Stability test performed on February 13th revealed a stable snowpack below 7,000'. The warm temps and rain that saturated the snowpack and created very touchy avalanche conditions late last week have now cooled off and locked the upper snowpack together. If there is a place where one may find poor stability it will be on aspects that are taking on mid-day solar radiation. South and westerly aspects are harboring weak snow still at the base of the snow pack, intense sun may be enough to trigger these deeper weaknesses.
Best travel advice would be to avoid steep, south and westerly aspects as the sun and forecasted high temperatures begin to warm these slopes. Be on the lookout for loose wet slides and small rollers as this will be your warning sign to move into shaded terrain.
This problem is limited to the highest peaks of the Cabinet Wilderness above 7,000' where last weeks mountain rain event fell as snow. These upper elevations were under high winds and recieved heavy amounts of snow that are likely to be very touchy at this point. If you are venturing into the Eastern Cabinets this week play close attention to changing conditions as you climb into the upper elevations. Use the ridge lines for travel and be especially alert to what is overhead as the sun comes out and brings the daytime high temperatures well above the freezing mark.
On Monday February 13th I traveled to the area around the Bear Mountain Snotel site and the Twin Peaks vicinity. I was pleasantly surprised to find over 6" on light new snow on top of the firm rain crust that developed during last weeks rain event. We had very stable pit results on a shaded north-westerly aspect. We observed multiple avalanche crowns on Benning and Twin Peaks that appeared to have released the prior week. One crown line on the backside of Benning appeared to have traveled across multiple aspecst and stepped down to the ground on rocky-south facing terrain. Unfortunately my pictures are completely blurred!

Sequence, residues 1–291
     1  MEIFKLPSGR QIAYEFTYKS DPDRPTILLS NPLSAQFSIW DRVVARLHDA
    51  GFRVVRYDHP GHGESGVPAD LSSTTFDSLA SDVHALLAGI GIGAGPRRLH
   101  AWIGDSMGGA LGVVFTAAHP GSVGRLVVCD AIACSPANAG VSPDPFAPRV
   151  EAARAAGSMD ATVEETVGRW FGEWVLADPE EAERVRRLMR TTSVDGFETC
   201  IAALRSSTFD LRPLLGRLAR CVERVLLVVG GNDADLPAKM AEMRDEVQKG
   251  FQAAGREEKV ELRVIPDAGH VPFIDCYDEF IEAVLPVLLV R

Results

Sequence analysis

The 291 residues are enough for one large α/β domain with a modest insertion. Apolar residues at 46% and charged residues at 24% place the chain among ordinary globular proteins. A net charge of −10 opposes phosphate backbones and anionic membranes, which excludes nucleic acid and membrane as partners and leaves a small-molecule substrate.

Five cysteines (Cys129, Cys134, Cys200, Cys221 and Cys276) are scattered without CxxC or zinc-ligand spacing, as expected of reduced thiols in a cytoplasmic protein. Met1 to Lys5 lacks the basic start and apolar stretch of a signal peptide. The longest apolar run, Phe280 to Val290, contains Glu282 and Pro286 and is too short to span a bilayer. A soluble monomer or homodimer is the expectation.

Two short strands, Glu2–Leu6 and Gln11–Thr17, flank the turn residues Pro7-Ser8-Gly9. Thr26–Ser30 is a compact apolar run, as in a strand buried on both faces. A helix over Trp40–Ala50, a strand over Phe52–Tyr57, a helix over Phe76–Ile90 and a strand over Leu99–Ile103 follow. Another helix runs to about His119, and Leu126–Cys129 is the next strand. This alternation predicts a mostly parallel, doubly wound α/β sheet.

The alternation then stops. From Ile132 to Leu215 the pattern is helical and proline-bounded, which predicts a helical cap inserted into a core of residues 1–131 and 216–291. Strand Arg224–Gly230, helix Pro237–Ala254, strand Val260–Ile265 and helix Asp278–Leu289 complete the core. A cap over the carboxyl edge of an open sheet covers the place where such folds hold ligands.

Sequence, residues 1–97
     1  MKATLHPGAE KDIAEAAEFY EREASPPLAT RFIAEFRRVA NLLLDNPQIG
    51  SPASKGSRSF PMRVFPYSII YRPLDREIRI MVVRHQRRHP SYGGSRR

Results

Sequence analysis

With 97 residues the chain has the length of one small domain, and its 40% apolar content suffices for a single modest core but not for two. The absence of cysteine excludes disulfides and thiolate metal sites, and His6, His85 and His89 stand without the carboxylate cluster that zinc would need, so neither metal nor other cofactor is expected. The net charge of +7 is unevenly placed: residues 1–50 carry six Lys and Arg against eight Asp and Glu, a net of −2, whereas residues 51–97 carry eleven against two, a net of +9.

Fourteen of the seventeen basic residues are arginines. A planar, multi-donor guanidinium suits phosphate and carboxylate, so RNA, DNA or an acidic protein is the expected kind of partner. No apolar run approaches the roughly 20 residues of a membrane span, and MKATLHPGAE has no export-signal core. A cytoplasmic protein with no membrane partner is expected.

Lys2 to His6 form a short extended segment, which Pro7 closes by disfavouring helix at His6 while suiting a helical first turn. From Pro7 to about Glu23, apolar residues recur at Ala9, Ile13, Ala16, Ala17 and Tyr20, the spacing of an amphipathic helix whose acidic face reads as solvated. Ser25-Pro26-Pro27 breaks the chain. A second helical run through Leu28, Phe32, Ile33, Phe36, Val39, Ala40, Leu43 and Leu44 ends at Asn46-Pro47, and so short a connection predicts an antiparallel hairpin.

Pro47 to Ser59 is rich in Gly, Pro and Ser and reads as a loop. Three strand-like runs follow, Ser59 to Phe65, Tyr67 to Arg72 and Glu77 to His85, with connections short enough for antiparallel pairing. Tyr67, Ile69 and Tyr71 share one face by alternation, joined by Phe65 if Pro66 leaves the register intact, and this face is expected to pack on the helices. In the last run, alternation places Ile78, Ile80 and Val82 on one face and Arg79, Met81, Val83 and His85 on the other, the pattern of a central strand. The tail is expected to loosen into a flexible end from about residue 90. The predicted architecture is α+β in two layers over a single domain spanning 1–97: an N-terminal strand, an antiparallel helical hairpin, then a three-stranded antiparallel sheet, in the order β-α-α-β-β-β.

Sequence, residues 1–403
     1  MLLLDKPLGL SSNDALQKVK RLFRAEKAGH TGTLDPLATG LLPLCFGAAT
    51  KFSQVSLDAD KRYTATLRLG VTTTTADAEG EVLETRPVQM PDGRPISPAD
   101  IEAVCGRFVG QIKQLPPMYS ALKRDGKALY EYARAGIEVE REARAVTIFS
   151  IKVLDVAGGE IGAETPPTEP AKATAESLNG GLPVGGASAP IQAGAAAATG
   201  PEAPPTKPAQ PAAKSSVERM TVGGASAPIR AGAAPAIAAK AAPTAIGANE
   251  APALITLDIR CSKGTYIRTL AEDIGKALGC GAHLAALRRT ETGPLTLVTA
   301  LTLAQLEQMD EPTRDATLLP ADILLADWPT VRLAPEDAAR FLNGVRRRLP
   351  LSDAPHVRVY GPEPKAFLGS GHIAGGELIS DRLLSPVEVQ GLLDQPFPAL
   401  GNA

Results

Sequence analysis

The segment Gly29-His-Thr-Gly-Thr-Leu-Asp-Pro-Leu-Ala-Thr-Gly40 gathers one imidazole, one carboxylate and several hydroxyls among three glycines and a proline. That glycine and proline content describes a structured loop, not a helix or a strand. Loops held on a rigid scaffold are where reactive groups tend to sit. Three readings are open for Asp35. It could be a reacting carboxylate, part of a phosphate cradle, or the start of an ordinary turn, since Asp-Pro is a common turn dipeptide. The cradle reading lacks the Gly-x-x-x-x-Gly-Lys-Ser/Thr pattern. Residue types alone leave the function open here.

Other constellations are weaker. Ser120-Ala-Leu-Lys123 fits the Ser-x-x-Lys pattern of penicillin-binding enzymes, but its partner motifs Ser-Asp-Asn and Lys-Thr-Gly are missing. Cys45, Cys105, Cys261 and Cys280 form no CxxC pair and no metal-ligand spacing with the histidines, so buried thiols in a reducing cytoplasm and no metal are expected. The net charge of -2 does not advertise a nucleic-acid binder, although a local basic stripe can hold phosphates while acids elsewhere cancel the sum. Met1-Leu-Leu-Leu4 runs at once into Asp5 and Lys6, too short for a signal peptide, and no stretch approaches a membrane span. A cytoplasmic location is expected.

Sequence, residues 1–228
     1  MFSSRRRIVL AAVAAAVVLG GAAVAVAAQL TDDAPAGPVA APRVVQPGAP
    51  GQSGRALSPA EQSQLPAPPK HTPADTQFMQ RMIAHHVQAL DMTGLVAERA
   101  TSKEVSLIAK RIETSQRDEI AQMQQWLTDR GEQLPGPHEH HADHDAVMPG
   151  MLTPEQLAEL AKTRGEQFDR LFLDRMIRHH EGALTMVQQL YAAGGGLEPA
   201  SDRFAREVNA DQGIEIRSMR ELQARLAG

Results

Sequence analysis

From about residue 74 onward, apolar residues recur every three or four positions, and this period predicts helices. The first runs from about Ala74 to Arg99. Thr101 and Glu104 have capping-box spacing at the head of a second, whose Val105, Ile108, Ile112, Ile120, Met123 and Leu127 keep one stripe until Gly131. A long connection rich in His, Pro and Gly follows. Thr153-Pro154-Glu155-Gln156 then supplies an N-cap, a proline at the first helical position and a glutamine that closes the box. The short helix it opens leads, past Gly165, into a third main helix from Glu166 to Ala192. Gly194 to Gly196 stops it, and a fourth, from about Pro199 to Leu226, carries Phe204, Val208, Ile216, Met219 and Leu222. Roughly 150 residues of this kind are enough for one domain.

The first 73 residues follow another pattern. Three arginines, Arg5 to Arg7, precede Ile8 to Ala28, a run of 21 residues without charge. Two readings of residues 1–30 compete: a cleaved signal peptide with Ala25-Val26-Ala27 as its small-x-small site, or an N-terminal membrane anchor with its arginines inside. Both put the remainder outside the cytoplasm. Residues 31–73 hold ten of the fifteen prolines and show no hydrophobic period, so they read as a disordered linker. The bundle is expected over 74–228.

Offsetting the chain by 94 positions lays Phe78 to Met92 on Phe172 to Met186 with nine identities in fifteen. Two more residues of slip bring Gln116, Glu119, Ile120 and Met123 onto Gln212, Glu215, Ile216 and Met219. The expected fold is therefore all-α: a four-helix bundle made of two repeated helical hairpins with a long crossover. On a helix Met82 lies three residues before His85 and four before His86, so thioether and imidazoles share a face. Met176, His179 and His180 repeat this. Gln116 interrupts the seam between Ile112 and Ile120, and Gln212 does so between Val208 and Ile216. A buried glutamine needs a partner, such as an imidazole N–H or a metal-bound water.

Backcountry Forecast from NWS Missoula issued:
400 AM MST Tue Feb 14 2017
High pressure will continue to provide strong temperature
inversions with above freezing temperatures up to around 8000
feet through Wednesday. Cold valley temperatures will warm up 20
to 30 degrees by the afternoons. The ridge will begin to break
down on Wednesday bringing an increasing chance for mountain rain
with freezing rain in the valleys into Thursday morning. Snow
levels will fall by Thursday night.
--------------------------- 5000-7000 FT ----------------------------
Today Tonight Wed
Cloud Cover 10% 15% 50%
Hi/Lo Temps 37 to 43 22 to 26 36 to 41
Winds(mph) SW 6 SW 8 S 8G18
Precip Chc 0 0 30
Precip Type none none snow
Liquid Amt 0.00 0.00 0.01
Snow Ratio(SLR) 0 0 15:1
Snow Amt(in) 0 0 0
Snow Level 7500 7000 5000
This advisory applies only to backcountry areas outside established ski area boundaries. This advisory describes general avalanche conditions and local variations always occur. This advisory expires midnight on the posted day unless otherwise noted. The information in this advisory is provided by the USDA Forest Service who is solely responsible for its content.
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